|Theban Tomb TT36|
|Burial site of Ibi|
|Location||El-Assasif, Theban Necropolis|
|Discovery Date||26th dynasty|
The Theban Tomb TT36 is located in El-Assasif, part of the Theban Necropolis, on the west bank of the Nile, opposite to Luxor. It is the burial place of the Ancient Egyptian Ibi, who was "Chief Steward of the Adorer of the God" (Nitoqret I), during the reign of Psammetichus I during the 26th dynasty.
Decoration and layout 
The tomb decoration in this tomb was copied from the tomb of another noble called Ibi, from the Old Kingdom cemetery at Deir el-Gabrawi. This is typical of the Saite Period, which tended to echo the decoration of previous periods of Egyptian history.
The tomb is entered via flight of steps that run parallel to the main axis. At the foot of these steps is an antechamber, which is decorated with scenes of Ibi adoring Ra-Horakhty. There is also a false door, echoing Old Kingdom decoration. A doorway leads from the middle of the right hand wall into what was a pillared hall (these pillars have since been destroyed). This room shows Ibi dressed as an ancient noble, watching the work of craftsmen and dancing girls.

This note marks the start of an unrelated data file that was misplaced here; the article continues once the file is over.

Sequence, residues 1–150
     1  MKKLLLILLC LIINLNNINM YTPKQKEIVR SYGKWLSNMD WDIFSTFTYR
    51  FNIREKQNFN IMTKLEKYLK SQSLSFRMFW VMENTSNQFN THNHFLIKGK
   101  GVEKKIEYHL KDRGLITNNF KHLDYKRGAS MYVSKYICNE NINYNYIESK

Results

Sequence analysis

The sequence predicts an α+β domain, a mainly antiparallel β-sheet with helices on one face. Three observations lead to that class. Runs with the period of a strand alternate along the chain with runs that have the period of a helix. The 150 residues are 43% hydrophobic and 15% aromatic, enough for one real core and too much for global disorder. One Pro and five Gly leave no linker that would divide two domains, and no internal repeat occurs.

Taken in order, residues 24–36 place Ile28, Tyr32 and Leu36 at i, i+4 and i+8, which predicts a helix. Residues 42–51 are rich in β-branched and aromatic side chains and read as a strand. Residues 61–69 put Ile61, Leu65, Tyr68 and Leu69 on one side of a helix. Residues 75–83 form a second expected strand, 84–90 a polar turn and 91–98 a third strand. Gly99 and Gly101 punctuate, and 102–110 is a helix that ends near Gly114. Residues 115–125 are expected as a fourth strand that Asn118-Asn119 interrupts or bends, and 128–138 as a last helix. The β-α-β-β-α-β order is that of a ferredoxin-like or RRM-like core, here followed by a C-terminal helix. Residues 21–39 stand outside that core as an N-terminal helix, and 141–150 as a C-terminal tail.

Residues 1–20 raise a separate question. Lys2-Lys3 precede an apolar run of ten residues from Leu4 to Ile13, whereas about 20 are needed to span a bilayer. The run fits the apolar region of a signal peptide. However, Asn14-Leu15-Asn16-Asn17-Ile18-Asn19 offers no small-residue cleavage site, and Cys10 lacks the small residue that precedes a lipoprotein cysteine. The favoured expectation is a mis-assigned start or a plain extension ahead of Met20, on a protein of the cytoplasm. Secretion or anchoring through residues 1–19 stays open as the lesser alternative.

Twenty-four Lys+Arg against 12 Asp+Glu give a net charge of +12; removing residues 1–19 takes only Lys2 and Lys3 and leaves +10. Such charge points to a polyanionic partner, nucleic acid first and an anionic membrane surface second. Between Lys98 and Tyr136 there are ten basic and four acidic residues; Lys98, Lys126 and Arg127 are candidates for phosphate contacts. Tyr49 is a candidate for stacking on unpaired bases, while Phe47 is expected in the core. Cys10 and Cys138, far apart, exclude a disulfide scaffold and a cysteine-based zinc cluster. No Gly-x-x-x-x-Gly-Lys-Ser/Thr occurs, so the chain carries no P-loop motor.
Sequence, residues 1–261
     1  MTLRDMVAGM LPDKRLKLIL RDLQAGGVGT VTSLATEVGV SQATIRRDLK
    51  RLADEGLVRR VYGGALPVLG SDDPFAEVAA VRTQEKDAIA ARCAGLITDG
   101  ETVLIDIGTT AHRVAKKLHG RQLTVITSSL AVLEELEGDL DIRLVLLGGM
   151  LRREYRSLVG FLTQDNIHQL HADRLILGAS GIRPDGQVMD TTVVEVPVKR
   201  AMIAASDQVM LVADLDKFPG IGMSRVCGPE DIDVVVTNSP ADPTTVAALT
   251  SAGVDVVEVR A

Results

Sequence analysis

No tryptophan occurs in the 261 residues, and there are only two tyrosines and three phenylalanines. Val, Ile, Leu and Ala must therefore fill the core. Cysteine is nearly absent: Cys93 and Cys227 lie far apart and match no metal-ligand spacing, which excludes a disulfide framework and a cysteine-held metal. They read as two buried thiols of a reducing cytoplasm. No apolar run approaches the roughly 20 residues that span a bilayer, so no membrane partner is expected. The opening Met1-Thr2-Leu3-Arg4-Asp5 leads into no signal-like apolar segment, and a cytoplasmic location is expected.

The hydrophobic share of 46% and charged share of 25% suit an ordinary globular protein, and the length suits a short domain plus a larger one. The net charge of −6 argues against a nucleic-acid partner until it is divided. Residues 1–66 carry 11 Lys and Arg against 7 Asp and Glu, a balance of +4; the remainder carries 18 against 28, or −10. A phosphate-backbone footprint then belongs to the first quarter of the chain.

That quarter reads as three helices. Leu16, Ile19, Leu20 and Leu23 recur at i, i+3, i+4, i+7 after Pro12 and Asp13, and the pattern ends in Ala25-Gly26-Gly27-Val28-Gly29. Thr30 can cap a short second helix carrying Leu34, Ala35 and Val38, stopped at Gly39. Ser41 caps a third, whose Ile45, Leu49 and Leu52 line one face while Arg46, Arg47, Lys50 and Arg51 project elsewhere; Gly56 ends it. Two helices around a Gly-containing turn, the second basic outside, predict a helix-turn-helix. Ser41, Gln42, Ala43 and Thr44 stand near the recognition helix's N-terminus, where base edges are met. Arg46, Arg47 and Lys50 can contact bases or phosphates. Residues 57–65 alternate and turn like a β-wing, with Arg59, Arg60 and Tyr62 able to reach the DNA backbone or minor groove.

The right-hand wall has a doorway that leads into what was once an open court. This is decorated on the right-hand wall with a hunting scene, and on the left-hand wall Ibi and his father sit whilst offerings are placed in tables in front of them. From this hall several chambers lead off, one to the burial-shaft. These chambers have Ptolemaic paintings, and show that the tomb was reused at this time.
- Porter and Moss, Topographical Bibliography: The Theban Necropolis
- Baikie, James (1932). Egyptian Antiquities in the Nile Valley. Methuen. pp. 564–566.
- Rice, Michael (1999). Who's Who in Ancient Egypt. Routledge. pp. p.74.
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